An airstrike or air strike is an offensive operation carried out by attack aircraft. Air strikes are commonly delivered from aircraft such as fighters, bombers, ground attack aircraft, and attack helicopters. The official definition includes all sorts of targets, including enemy air targets, but in popular usage the term is usually narrowed to a tactical (small-scale) attack on a ground or naval objective. Weapons used in an airstrike can range from aircraft cannon and machine gun bullets, air-launched missiles and cruise missiles, to various types of bombs, glide bombs and even directed-energy weapons such as lasers. It is also commonly referred to as an air raid.
The Secretary-General of the United Nations is the head of the United Nations Secretariat, one of the six principal organs of the United Nations. The Secretary-General serves as the chief administrative officer of the United Nations. The role of the United Nations Secretariat, and of the Secretary-General in particular, is laid out by Chapter XV of the United Nations Charter.
The preamble of the resolution reaffirmed that there could be no military solution to the conflict, and all violations of human rights and international humanitarian law were condemned. It was concerned at the implications of the situation on countries in the region and therefore encouraged Sudan, Chad, and the Central African Republic to co-operate to bring about peace in Darfur.
Human rights are "the basic rights and freedoms to which all humans are entitled" Examples of rights and freedoms which are often thought of as human rights include civil and political rights, such as the right to life, liberty, and property, freedom of expression, pursuit of happiness and equality before the law; and social, cultural and economic rights, including the right to participate in science and culture, the right to work, and the right to education.
All human beings are born free and equal in dignity and rights. They are endowed with reason and conscience and should act towards one another in a spirit of brotherhood.
International humanitarian law (IHL) is the law that regulates the conduct of war. It is that branch of international law which seeks to limit the effects of armed conflict by protecting persons who are not participating in hostilities, and by restricting and regulating the means and methods of warfare available to combatants.
Chad, officially the Republic of Chad, is a landlocked country in north-central Africa. It is bordered by Libya to the north, Sudan to the east, the Central African Republic to the south, Cameroon and Nigeria to the southwest, and Niger to the west. It is the fifth largest country in Africa and the second-largest in Central Africa in terms of area.
UNAMID's Chapter VII mandate was extended until the end of July 2012.The peacekeeping operation was instructed to protect civilians and ensure the delivery of humanitarian aid, without prejudice to the primary responsibility of the Sudanese government.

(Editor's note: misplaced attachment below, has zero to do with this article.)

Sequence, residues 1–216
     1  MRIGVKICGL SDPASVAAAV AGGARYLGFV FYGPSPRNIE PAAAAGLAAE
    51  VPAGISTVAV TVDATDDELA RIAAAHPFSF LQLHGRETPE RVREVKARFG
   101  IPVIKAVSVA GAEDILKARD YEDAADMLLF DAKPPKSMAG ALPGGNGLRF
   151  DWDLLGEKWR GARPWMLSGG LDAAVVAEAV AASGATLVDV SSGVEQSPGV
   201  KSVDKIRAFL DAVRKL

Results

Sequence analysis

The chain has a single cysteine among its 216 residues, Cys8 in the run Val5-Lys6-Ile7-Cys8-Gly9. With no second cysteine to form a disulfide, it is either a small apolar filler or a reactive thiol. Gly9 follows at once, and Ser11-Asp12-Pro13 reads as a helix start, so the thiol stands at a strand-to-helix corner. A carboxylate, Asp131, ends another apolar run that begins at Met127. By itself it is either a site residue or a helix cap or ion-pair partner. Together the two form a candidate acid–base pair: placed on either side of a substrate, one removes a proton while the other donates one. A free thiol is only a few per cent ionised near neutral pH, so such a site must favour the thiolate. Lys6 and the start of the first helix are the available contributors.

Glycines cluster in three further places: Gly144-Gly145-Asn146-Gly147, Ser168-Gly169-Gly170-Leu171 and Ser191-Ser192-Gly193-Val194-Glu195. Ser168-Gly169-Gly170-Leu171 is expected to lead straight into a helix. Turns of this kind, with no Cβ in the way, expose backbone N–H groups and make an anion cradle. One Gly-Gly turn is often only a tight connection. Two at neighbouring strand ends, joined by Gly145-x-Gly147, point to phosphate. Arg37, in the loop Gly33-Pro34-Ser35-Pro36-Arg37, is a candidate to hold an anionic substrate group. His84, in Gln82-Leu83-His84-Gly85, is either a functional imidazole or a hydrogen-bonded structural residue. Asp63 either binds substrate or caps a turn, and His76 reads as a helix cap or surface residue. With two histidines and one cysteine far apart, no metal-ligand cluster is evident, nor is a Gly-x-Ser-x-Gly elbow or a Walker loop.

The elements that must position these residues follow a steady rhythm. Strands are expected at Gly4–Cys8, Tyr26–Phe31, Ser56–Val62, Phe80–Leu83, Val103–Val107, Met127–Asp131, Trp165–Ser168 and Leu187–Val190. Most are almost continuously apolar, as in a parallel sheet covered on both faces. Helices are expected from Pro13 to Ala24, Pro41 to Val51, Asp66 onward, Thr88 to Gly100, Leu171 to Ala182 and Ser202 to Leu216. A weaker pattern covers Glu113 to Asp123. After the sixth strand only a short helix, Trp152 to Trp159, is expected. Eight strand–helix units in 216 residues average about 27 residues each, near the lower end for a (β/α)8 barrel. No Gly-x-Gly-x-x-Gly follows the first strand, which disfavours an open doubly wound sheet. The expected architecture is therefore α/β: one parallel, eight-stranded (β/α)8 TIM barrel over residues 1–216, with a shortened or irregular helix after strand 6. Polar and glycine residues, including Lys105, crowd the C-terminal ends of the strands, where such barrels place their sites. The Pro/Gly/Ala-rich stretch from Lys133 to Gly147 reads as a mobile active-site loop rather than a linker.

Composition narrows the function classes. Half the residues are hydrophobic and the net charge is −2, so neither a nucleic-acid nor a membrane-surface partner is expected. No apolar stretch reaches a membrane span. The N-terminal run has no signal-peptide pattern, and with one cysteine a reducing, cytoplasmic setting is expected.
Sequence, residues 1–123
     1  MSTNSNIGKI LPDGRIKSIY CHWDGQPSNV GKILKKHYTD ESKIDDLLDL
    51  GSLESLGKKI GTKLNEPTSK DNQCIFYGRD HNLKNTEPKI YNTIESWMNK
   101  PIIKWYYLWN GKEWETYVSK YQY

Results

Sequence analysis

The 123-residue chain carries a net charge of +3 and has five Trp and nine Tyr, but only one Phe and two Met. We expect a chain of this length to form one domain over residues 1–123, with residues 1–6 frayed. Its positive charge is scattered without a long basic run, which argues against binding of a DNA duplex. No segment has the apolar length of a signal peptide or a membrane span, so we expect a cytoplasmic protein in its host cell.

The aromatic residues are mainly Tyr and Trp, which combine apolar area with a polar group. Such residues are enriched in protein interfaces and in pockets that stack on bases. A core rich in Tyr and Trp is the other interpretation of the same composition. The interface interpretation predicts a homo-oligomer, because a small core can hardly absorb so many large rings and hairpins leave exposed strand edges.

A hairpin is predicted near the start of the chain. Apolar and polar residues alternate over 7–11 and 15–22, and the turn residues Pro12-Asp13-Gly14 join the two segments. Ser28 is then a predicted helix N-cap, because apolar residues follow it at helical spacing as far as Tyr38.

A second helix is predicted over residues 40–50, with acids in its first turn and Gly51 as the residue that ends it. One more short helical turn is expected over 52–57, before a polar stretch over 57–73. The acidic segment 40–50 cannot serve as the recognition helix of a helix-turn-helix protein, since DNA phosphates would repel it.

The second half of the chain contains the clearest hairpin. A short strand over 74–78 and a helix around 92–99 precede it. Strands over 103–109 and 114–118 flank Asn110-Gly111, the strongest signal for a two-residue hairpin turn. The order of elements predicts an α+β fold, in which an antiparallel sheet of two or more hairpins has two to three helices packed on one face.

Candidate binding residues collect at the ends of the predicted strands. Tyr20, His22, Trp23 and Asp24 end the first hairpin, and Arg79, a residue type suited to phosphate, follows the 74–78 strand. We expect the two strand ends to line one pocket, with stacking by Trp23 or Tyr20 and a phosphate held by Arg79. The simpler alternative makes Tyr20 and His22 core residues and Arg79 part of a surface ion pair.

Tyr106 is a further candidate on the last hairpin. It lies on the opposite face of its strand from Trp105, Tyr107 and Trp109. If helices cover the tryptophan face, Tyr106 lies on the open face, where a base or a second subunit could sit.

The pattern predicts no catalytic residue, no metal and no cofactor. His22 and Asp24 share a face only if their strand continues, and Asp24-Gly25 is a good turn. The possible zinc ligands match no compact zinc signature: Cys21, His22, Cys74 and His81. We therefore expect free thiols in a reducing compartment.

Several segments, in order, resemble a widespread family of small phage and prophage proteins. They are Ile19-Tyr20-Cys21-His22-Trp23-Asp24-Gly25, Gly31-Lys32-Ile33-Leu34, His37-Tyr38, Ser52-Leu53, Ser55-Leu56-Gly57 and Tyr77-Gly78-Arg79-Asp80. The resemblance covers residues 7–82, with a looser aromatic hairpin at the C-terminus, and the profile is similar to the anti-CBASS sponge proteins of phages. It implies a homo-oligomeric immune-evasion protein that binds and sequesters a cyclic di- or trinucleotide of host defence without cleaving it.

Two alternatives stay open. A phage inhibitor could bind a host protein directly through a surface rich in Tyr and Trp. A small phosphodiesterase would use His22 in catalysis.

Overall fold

Chapter VII of the United Nations Charter sets out the UN Security Council's powers to maintain peace. It allows the Council to "determine the existence of any threat to the peace, breach of the peace, or act of aggression" and to take military and nonmilitary action to "restore international peace and security".
In international law, a mandate is a binding obligation issued from an inter-governmental organization to a country which is bound to follow the instructions of the organization.
Peacekeeping refers to activities intended to create conditions that favour lasting peace. Research generally finds that peacekeeping reduces civilian and battlefield deaths and reduces the risk of renewed warfare.
The Secretary-General was asked to work closely with the African Union and other parties and to report on the progress of the peace process and the mandate of UNAMID. The Council demanded that UNAMID be given a radio license in order to communicate freely with all stakeholders in Darfur, in line with the status of forces agreement. All violations of human rights were condemned and again concern was expressed at the situation in Darfur; parties to the conflict had to take steps to protect civilians.
Meanwhile, the resolution called for co-operation between UNAMID and other peacekeeping operations in the region, including the United Nations Mission in the Republic of South Sudan and the United Nations Interim Security Force for Abyei.
The African Union Mission in Sudan (AMIS) was an African Union (AU) peacekeeping force operating primarily in the country's western region of Darfur with the aim of performing peacekeeping operations related to the Darfur conflict. It was founded in 2004, with a force of 150 troops. By mid-2005, its numbers were increased to about 7,000. Under United Nations Security Council Resolution 1564, AMIS was to "closely and continuously liaise and coordinate ... at all levels" its work with the United Nations Mission in Sudan (UNMIS). AMIS was the only external military force in Sudan's Darfur region until UNAMID was established. It was not able to effectively contain the violence in Darfur. A more sizable, better equipped UN peacekeeping force was originally proposed for September 2006, but due to Sudanese government opposition, it was not implemented at that time. AMIS' mandate was extended repeatedly throughout 2006, while the situation in Darfur continued to escalate, until AMIS was replaced by UNAMID on December 31, 2007.
United Nations Security Council Resolution 1564, adopted on 18 September 2004, after recalling resolutions 1502 (2003), 1547 (2004) and 1556 (2004), the Council threatened the imposition of sanctions against Sudan if it failed to comply with its obligations on Darfur, and an international inquiry was established to investigate violations of human rights in the region.
The War in Darfur, also nicknamed the Land Cruiser War, is a major armed conflict in the Darfur region of Sudan that began in February 2003 when the Sudan Liberation Movement (SLM) and the Justice and Equality Movement (JEM) rebel groups began fighting the government of Sudan, which they accused of oppressing Darfur's non-Arab population. The government responded to attacks by carrying out a campaign of ethnic cleansing against Darfur's non-Arabs. This resulted in the death of hundreds of thousands of civilians and the indictment of Sudan's president, Omar al-Bashir, for genocide, war crimes, and crimes against humanity by the International Criminal Court.